The new president of the European Central Bank, Christine Lagarde turned 64 on 1 January 2020. Credit: Belga
The new president of the European Central Bank, Christine Lagarde, has given herself a challenge that is perhaps still more difficult than keeping inflation in the euro zone under control: she is learning German, according to Bloomberg, which furthermore states that it is “easy to understand” that the ECB president should want to learn the language of the eurozone’s leading economy.
Germany has been critical vis-a-vis ECB’s monetary policy, and the Frenchwoman could perhaps get her message across better by couching it in German. The ECB’s headquarters is furthermore located in Frankfurt.
Learning the language of Goethe is no small affair. American author Mark Twain wrote an essay in 1880 entitled “The Awful German Language”, in which he reminisces about his efforts to learn it. “It appears the inventor of this language has taken a malicious pleasure in complicating things as much as possible,” the American notably writes.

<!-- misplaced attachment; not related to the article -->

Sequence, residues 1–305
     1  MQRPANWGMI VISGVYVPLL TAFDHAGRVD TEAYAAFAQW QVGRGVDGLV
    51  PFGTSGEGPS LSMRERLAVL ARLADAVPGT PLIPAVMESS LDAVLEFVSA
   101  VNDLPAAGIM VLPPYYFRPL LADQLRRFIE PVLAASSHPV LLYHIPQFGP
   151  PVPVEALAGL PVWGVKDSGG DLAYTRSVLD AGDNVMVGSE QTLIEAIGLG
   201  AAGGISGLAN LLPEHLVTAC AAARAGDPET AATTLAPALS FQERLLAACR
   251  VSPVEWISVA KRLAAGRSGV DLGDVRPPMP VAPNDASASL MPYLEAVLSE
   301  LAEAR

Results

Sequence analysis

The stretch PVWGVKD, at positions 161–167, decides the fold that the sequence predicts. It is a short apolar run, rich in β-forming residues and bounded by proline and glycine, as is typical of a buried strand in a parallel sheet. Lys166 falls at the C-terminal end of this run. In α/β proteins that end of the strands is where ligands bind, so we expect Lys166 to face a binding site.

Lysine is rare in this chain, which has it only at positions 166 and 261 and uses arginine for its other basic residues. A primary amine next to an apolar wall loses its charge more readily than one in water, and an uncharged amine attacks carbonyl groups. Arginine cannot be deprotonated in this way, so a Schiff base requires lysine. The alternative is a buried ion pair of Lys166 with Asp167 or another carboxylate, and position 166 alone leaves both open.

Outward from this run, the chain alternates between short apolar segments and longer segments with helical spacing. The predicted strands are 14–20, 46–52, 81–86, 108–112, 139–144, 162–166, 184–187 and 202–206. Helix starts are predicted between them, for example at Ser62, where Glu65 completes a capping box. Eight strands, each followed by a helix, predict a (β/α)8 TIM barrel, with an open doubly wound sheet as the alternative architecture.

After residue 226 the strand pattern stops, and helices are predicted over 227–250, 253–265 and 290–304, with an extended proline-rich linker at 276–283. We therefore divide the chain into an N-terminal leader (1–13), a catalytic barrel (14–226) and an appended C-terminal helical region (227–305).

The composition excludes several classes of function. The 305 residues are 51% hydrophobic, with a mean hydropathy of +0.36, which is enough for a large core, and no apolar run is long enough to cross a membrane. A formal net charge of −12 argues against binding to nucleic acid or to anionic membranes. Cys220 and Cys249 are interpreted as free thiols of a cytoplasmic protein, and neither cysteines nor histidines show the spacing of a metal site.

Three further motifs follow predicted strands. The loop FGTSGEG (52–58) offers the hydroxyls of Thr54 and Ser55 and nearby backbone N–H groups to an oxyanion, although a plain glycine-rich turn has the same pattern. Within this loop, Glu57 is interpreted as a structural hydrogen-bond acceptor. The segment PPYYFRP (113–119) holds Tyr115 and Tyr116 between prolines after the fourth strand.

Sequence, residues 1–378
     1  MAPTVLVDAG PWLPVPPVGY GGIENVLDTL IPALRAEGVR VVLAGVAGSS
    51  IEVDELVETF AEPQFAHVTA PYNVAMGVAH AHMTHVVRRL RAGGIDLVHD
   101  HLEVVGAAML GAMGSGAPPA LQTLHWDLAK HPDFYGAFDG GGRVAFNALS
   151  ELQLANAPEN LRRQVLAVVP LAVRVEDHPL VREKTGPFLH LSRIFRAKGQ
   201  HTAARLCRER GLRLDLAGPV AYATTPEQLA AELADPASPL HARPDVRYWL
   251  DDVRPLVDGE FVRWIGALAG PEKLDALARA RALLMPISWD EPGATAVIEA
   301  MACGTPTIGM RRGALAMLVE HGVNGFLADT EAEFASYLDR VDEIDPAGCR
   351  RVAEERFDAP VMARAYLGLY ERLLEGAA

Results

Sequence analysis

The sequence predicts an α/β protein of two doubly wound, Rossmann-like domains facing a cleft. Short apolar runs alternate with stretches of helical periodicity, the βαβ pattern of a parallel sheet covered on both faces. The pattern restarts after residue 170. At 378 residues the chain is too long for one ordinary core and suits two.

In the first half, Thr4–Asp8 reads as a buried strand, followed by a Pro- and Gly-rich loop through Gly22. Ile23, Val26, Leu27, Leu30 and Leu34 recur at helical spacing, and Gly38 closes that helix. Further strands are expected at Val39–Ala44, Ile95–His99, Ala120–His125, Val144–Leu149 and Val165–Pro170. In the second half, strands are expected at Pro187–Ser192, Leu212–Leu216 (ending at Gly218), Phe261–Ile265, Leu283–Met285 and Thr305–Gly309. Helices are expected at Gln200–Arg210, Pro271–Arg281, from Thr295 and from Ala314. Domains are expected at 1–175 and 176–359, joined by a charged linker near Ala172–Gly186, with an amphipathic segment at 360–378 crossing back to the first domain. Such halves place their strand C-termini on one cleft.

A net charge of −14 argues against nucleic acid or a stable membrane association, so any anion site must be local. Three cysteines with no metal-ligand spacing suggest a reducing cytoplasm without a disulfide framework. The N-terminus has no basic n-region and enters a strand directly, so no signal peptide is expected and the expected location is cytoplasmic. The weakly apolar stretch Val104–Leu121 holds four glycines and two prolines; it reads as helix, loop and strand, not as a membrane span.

According to Bloomberg, Lagarde, who turned 64 on yesterday, 1 January, will have to master terms like “Eigenmittelanforderungen”, meaning a bank’s capital requirement and “Anleihekaufprogramm”, or quantitative easing with reference to bond purchase programs.
Lagarde’s predecessors had some knowledge of German. The ECB’s first president, Dutchman Wim Duisenberg, had learned it before he even got to Frankfurt and his successor, Frenchman Jean-Claude Trichet, invested time to allow him to deliver a speech in German in 2009, but did little afterwards to further develop his skills.
As for Mario Draghi however, ridiculed by the German tabloid “Bild” which once dubbed him “Draghila” because of the ECB’s negative rates policy, and the fact he spoke no German at all apart from giving a “nein zu allem” (“no to everything”) in 2016 in defence of the ECB’s stance when facing its critics.